As Harvard eyes a full return to campus in the fall with in-person instruction, 60 percent of surveyed faculty said they feel safe returning to in-person teaching in fall 2021.
Despite their appreciation of Harvard’s reopening plan and resources for virtual instruction, faculty strongly disputed the value of an online semester for students.
Eighty percent of faculty surveyed disagreed that a remote semester is as valuable than an in-person semester for students, with 43 percent disagreeing “strongly.”
At the same time, some faculty criticized the University for being “dishonest” toward students by promising them a “genuine academic experience” during the virtual school-year while discouraging undergraduates from taking time off. Ultimately, enrollment in both the fall and spring semesters was about 20 percent lower than in a normal semester.
“Most of all, I disapproved of the way the University, esp. at the outset, put unreasonable pressure on undergrads not to take a gap year (eg threatening they might not get housing when they returned),” one faculty member wrote. “That was so transparently economically motivated it was very discouraging.”
Harvard did not change its leave of absence policies this academic year, but noted that the College could not necessarily guarantee students housing upon their return from a leave.
Certain divisions felt more strongly about in-person learning, with 86 percent of Sciences faculty responding that remote learning was less valuable. The sentiment was shared by 80 percent of Arts and Humanities faculty, 76 percent of Social Sciences faculty, and 72 percent of School of Engineering and Applied Sciences faculty.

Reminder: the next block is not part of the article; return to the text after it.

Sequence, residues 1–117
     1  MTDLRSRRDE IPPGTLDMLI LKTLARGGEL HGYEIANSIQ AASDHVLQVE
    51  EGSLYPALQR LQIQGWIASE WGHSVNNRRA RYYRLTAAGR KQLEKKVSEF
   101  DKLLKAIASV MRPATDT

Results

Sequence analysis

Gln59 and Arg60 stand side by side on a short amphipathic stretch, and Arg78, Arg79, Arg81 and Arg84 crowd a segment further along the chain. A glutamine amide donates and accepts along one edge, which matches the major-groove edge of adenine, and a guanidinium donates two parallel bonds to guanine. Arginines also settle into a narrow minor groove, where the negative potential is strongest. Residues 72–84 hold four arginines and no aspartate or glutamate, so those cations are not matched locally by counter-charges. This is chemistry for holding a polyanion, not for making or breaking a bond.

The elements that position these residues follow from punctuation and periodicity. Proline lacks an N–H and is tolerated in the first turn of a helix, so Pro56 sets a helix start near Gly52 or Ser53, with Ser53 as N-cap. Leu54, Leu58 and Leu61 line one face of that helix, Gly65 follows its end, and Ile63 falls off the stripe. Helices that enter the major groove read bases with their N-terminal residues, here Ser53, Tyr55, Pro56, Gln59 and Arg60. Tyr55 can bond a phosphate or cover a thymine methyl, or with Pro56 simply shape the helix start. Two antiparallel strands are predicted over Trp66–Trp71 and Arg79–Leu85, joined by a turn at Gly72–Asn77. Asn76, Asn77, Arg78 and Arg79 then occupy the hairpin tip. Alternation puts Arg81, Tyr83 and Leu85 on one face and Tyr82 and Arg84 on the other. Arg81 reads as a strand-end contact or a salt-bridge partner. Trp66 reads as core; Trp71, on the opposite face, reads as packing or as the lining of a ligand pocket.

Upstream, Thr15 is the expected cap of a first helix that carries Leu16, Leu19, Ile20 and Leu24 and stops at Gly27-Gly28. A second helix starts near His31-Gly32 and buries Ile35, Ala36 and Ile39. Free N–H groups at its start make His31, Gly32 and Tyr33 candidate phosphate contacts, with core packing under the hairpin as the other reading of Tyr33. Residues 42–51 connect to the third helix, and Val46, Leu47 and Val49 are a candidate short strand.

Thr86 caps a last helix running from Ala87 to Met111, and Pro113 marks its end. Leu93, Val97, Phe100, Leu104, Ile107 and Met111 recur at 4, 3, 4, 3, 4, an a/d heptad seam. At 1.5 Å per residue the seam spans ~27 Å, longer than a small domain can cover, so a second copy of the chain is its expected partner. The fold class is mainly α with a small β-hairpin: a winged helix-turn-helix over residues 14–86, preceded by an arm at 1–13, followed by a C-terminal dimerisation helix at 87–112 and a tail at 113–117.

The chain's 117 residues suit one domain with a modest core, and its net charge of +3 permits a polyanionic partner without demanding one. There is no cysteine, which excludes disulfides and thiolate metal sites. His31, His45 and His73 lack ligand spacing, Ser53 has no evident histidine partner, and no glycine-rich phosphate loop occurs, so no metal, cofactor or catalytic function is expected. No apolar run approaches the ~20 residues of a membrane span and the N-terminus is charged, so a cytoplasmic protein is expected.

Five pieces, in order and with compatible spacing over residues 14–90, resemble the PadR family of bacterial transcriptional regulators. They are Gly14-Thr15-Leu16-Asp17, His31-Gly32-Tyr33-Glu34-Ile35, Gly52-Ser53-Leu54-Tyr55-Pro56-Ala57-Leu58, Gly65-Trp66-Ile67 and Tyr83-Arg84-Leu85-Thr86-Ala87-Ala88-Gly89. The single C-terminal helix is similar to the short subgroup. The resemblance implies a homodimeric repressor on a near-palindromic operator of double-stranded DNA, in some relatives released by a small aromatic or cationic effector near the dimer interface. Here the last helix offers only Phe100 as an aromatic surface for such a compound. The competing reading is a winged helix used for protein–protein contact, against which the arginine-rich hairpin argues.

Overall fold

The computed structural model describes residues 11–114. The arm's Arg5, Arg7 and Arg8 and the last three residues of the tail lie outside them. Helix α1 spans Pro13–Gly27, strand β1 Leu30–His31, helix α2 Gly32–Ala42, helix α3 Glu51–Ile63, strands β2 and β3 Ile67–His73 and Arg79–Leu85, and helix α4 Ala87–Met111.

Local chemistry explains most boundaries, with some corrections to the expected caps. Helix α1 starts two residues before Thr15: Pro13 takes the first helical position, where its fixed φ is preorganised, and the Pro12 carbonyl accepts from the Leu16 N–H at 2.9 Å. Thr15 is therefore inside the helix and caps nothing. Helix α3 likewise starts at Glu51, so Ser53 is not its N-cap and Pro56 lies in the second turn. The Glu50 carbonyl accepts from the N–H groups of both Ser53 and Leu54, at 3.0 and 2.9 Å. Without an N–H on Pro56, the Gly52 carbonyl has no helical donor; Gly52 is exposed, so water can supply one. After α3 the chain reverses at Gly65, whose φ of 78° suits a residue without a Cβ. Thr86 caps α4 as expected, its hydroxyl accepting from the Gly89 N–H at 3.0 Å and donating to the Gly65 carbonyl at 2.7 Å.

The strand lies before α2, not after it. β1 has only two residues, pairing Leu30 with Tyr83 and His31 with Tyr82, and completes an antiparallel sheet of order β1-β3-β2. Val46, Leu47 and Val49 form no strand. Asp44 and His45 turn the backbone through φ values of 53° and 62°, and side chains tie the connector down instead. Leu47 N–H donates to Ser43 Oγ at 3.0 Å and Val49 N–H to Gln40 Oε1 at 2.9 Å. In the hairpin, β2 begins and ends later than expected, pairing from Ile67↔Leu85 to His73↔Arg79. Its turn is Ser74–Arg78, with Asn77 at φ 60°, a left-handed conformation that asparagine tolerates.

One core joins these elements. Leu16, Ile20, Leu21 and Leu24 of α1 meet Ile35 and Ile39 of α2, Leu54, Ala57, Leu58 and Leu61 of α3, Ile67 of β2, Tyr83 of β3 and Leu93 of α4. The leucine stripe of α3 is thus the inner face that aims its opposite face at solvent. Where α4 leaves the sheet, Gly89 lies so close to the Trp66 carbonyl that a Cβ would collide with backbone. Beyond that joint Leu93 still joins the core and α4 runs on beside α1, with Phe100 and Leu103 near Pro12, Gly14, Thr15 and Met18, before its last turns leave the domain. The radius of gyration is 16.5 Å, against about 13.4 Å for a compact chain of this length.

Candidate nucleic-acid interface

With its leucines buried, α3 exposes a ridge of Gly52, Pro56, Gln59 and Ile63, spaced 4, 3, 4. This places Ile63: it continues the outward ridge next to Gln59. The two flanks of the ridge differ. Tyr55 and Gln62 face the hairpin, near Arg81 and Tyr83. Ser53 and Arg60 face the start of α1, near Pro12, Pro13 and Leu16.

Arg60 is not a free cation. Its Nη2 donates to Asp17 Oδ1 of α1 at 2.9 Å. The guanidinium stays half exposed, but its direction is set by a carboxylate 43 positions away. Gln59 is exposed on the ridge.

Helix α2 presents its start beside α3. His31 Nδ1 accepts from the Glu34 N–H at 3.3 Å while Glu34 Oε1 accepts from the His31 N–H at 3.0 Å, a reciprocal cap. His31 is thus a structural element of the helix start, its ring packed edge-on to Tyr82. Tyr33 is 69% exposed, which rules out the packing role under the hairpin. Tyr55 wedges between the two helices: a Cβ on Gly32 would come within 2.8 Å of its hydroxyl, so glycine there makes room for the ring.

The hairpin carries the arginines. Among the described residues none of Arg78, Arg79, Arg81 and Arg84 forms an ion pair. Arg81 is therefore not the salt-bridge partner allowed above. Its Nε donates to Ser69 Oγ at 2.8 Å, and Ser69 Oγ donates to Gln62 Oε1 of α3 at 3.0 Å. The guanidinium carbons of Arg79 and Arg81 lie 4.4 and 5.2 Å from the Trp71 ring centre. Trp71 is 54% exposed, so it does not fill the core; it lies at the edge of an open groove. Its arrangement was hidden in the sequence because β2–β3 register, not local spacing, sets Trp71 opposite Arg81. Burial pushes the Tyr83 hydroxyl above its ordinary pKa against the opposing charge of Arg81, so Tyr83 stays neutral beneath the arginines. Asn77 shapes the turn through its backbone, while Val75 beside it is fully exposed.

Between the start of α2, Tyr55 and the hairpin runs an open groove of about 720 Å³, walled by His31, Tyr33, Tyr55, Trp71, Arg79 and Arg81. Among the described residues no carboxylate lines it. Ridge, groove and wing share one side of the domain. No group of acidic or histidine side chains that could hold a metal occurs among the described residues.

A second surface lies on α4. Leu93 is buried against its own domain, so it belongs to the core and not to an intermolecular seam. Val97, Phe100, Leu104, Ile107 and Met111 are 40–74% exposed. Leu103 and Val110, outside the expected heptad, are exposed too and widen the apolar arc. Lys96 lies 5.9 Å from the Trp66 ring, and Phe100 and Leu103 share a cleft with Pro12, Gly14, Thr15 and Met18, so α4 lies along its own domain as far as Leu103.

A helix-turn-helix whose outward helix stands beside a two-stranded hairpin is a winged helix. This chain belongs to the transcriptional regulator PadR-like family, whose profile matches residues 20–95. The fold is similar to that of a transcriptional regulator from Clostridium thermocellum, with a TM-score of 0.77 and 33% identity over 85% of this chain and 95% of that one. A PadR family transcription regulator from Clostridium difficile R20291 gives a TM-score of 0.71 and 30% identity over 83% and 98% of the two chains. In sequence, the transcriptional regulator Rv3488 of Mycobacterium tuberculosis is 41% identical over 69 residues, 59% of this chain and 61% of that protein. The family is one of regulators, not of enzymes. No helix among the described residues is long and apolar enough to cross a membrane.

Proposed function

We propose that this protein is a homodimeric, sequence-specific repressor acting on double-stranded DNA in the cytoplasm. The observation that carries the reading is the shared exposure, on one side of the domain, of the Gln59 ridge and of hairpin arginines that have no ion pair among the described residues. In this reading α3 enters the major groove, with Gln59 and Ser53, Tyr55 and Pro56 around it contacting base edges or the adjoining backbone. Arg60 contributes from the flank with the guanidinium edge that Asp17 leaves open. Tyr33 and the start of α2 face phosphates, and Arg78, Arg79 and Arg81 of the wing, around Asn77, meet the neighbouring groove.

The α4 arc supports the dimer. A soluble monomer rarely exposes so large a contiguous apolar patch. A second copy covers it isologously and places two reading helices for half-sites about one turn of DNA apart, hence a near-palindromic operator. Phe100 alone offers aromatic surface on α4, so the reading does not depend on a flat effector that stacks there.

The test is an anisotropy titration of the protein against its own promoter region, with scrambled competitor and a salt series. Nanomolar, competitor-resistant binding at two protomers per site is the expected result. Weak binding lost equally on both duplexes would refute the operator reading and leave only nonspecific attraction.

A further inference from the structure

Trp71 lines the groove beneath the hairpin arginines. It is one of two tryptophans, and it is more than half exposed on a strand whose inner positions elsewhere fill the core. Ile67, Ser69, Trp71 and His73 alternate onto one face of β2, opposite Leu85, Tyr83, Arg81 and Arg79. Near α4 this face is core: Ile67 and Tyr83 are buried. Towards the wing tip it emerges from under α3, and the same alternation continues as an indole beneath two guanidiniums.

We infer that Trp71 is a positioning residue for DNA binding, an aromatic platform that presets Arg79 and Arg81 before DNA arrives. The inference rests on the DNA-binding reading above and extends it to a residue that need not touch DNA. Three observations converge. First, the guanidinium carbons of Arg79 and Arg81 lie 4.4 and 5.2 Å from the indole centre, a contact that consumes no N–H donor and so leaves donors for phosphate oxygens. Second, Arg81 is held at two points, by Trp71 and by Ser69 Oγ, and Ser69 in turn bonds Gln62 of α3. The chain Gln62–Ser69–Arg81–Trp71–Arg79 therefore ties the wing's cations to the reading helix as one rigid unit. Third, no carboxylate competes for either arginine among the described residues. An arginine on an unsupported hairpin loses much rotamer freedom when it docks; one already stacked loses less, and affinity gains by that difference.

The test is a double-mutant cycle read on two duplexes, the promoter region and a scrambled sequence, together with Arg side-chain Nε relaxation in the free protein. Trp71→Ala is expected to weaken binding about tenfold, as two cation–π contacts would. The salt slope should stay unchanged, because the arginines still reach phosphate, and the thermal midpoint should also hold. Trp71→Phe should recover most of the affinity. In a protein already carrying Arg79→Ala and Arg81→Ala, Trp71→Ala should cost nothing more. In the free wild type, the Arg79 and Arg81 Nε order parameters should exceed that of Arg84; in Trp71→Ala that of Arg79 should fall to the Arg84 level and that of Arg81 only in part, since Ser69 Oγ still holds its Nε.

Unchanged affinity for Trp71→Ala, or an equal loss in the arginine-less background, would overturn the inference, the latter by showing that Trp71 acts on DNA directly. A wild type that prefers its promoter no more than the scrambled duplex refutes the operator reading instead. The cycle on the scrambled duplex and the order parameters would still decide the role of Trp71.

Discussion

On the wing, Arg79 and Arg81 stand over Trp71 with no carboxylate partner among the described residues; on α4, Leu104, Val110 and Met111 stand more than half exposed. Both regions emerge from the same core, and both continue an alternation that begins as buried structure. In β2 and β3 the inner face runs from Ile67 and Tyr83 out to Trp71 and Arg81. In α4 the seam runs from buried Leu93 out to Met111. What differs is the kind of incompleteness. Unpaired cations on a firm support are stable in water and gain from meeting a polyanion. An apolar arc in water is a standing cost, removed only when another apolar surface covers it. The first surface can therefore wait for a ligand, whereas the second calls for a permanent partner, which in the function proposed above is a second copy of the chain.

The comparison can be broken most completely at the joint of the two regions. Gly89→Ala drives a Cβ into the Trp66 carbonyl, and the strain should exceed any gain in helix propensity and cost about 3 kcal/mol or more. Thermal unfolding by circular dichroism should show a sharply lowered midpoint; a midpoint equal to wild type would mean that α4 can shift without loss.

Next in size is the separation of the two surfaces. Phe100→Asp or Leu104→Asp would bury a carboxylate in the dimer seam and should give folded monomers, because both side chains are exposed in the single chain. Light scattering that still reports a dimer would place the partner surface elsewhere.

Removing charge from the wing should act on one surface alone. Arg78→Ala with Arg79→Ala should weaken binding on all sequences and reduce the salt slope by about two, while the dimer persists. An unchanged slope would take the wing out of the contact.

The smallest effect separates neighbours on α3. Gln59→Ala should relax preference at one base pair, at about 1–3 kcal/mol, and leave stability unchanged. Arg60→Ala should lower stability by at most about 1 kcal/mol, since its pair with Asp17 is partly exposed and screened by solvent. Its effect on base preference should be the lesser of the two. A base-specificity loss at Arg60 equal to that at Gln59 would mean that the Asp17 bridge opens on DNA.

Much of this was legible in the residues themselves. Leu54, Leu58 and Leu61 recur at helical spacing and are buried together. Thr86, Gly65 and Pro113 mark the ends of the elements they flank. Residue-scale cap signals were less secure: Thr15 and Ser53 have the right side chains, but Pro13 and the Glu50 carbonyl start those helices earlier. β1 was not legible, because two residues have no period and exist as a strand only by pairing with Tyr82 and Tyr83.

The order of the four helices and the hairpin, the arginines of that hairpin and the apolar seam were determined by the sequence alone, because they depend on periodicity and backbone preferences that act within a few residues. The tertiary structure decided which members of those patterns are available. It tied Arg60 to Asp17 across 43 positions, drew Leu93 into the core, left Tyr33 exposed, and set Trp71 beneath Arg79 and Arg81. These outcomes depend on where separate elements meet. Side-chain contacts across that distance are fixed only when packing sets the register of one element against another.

In the fall semester, international freshmen enrolling in online-only academic programs were barred from entering the United States under federal regulations. Many international first-years said that their first semester of college was marked by late-night classes, social isolation, and insufficient support from Harvard.
However, only 38 percent of faculty respondents felt that international students’ academic needs were not well-supported this academic year.
Graduate students, facing a tough appointment market and hiring freezes, called on Harvard in the early stages of the pandemic to provide assistance. In May 2020, the Graduate School of Arts and Sciences launched its Emergency Support Initiative to provide funding and fellowship opportunities for its students.
But just 15 percent of faculty surveyed “strongly” agreed that graduate students’ academic needs were well-supported this school year, with another 26 percent “somewhat” agreeing. In turn, 26 percent of respondents “somewhat” or “strongly” disagreed.
A majority of surveyed faculty — 70 percent — said they think a remote semester is not as meaningful as an in-person semester for faculty, including half of whom “strongly” disagreed.
Faculty opinions on a virtual semester did, however, vary based on discipline. Just 17 percent of respondents from the School of Engineering and Applied Sciences felt “strongly” that a remote semester is not as meaningful as an in-person semester for faculty, compared to 33 percent in the Arts and Humanities, 39 percent in the Social Sciences, and 42 percent in the Sciences.
Survey respondents were also invited to share what their largest stressors during the pandemic were. The survey found that family life, research, and teaching were the top three stressors during the pandemic for faculty. A quarter of survey respondents indicated that health and illness served as one of their top stressors due to the pandemic.